Toyota’s popular SUV/Crossover has just received a facelift and at the same time been given a diamond theme, but it’s what’s going on under the bonnet that’s really grabbed our attention.
Introduced to the motoring public in 2016, the C-HR (Compact or Coupe High Rider) became an immediate hit. All the driving fun and stability that comes with the likes of their Corolla but a vehicle that satisfied the increasing demands of the high-riding road goers – genius.
Even in 2016, the C-HR was not exactly what you’d call ‘hard to spot’ on the road, with its dramatic design and quirky features such as elevated rear door handles, but now Toyota has made the C-HR even more expressive.
There are two-tone paint options, the front end has been fully redesigned with an aerodynamic lower diffuser, front-wheel spats and (on the Limited option) LED projector headlamps and high-performance LED fog lights. At the rear, lip and roofline spoilers, vortex generators and rear wheel spats – it’s even now got aerodynamic underbody panels.
Inside, it’s awash with diamonds, design-wise that is. Everything from the buttons and switches, to the seat material (or leather), sills and edges, diamond shapes have appeared, in fact, even the roof lining is diamond embossed. Some may say it’s a little bit ‘overkill’ but I just think it’s fun – especially if you start trying to count them (something to keep the kids entertained on road trips).
As I said earlier, the facelift is great, but it’s the hybrid/eCVT powertrain combo that really made me take note. Under the bonnet is a 1.8L petrol/hybrid system that produces 90kW and 142Nm. I admit, these figures are not earth-shattering, however, the emissions and economy ones are worth bringing up. 97g/km comes in way under NZ’s target of 130g and 4.6L/100km is very wallet-friendly.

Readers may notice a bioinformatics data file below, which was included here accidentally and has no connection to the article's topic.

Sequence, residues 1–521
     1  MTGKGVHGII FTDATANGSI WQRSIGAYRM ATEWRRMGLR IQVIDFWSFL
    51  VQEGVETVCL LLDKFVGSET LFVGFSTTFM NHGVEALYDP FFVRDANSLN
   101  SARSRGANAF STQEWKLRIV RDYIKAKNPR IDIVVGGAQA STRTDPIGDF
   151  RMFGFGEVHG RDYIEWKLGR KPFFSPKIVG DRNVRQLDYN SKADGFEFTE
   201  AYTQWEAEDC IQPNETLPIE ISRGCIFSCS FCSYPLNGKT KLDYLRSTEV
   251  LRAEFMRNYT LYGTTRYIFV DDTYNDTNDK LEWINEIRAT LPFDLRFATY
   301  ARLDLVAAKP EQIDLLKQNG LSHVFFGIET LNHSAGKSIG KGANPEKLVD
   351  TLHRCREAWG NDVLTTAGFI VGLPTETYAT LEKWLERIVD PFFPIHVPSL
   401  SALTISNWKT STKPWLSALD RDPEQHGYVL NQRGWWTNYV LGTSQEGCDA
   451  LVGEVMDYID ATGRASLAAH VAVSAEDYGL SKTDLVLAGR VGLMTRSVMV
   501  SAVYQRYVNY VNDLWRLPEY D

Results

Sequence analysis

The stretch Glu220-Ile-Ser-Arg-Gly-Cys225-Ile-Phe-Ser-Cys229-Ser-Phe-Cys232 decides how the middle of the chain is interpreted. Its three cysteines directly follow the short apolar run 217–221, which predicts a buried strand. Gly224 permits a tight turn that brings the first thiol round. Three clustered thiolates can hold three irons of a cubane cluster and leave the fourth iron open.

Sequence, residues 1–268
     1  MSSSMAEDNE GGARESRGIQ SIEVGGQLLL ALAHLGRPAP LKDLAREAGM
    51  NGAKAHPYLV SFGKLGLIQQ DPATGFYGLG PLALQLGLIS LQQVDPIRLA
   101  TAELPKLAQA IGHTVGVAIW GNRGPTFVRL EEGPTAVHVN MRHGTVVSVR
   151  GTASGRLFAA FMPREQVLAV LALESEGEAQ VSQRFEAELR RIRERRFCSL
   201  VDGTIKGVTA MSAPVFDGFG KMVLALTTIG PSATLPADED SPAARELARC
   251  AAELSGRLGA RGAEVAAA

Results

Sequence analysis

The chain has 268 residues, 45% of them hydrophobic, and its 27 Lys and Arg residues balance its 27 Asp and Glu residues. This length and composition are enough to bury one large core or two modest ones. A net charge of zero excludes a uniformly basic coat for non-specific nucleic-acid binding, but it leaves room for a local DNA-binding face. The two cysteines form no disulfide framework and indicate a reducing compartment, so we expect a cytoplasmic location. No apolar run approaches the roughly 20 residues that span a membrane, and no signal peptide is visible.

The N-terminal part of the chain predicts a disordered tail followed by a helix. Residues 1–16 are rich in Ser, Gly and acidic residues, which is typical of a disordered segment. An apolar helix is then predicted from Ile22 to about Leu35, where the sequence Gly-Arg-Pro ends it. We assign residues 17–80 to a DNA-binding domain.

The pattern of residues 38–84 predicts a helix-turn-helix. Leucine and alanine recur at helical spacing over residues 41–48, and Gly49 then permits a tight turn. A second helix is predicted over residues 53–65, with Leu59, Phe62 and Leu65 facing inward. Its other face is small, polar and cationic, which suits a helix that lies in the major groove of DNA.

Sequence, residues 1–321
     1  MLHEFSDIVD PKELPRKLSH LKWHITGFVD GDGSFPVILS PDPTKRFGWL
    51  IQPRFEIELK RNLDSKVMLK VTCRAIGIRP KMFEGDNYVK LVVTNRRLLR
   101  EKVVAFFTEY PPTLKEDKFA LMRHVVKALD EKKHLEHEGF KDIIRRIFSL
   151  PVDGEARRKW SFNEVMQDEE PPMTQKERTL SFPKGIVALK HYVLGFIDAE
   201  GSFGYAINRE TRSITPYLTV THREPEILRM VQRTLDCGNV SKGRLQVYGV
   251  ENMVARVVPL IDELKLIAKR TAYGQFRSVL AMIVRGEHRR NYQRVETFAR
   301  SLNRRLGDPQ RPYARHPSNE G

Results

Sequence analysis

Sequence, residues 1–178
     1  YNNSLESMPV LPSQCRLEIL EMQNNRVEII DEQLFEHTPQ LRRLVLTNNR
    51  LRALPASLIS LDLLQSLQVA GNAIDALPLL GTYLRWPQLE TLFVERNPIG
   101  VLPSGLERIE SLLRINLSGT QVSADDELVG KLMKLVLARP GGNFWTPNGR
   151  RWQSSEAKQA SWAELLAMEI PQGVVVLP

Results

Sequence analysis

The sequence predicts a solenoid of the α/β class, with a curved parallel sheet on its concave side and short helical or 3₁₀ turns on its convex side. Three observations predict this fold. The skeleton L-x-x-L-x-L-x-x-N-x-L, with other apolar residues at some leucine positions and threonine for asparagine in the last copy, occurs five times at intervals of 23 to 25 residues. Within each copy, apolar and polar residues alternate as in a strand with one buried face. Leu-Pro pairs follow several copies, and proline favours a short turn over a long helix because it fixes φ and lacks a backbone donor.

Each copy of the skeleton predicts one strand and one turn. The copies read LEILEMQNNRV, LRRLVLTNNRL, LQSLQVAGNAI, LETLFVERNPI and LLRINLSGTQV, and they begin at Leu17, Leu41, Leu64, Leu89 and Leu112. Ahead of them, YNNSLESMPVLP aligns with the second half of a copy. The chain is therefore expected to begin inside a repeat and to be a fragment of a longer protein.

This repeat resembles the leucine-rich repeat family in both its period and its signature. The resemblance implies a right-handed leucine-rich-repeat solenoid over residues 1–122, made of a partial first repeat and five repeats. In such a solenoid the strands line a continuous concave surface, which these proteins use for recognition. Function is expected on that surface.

For review, Toyota NZ gave me two C-HR Hybrids, one base model in shadow platinum and one top-spec (limited) in two-tone ebony and emotional red, if I’m honest, there’s not that much between them. Both came with Toyota Safety Sense, (including Pre-Collision System with Autonomous Emergency Braking and Pedestrian Detection, All-Speed Dynamic Radar Cruise Control, Lane Departure Alert with Steering Assist and Vehicle Sway Warning – I could go on), however, the Limited option has a Panoramic view for parking, leather accented seats (with adjustable lumbar support for the driver) and Bi-Beam LED Headlights that are auto on/off and self-levelling.
As luck would have it, a Brazilian friend had her kid’s party at a beach North of Auckland, this meant an enthusiastic coastal drive and some Samba music to accompany it.
On the highway, the C-HR with all its safety features and creature comforts, feels confident and well-planted, just as an SUV should and when let loose on more windier landscapes, very little body roll can be felt. It lacks a bit of power heading out of the bends or up steeper hills but has a chassis strong enough to allow for reasonably exciting overall cornering speeds.
In terms of economy, the C-HR’s hybrid system works particularly well around town (3.8 L/100km) but it’s not too shabby on the open road either. It gets up to the national speed limit without too much drama and sips fuel at a gas station avoiding rate of 4.6 L/100km.
We arrived at the party enlivened and cheery, plus the fresh-faced C-HR’s new design seemed to blend in nicely too.
Toyota is happy to say that the curves and angles that come with the C-HR’s expressive design are ‘not for everybody’ and I can see why, however, I really like it. It stands out from the very crowded SUV/Crossover norm. And when you throw in the raft of safety features and excellent fuel economy… Well, need I say anymore?